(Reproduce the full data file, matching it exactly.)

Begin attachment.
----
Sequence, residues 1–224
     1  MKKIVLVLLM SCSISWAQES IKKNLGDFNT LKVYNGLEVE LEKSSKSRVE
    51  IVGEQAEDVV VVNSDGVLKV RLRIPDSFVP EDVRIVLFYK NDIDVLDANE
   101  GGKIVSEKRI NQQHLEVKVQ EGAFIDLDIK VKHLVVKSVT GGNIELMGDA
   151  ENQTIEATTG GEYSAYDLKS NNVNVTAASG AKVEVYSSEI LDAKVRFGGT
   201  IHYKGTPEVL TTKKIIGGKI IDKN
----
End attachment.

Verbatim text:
Sequence, residues 1–224
     1  MKKIVLVLLM SCSISWAQES IKKNLGDFNT LKVYNGLEVE LEKSSKSRVE
    51  IVGEQAEDVV VVNSDGVLKV RLRIPDSFVP EDVRIVLFYK NDIDVLDANE
   101  GGKIVSEKRI NQQHLEVKVQ EGAFIDLDIK VKHLVVKSVT GGNIELMGDA
   151  ENQTIEATTG GEYSAYDLKS NNVNVTAASG AKVEVYSSEI LDAKVRFGGT
   201  IHYKGTPEVL TTKKIIGGKI IDKN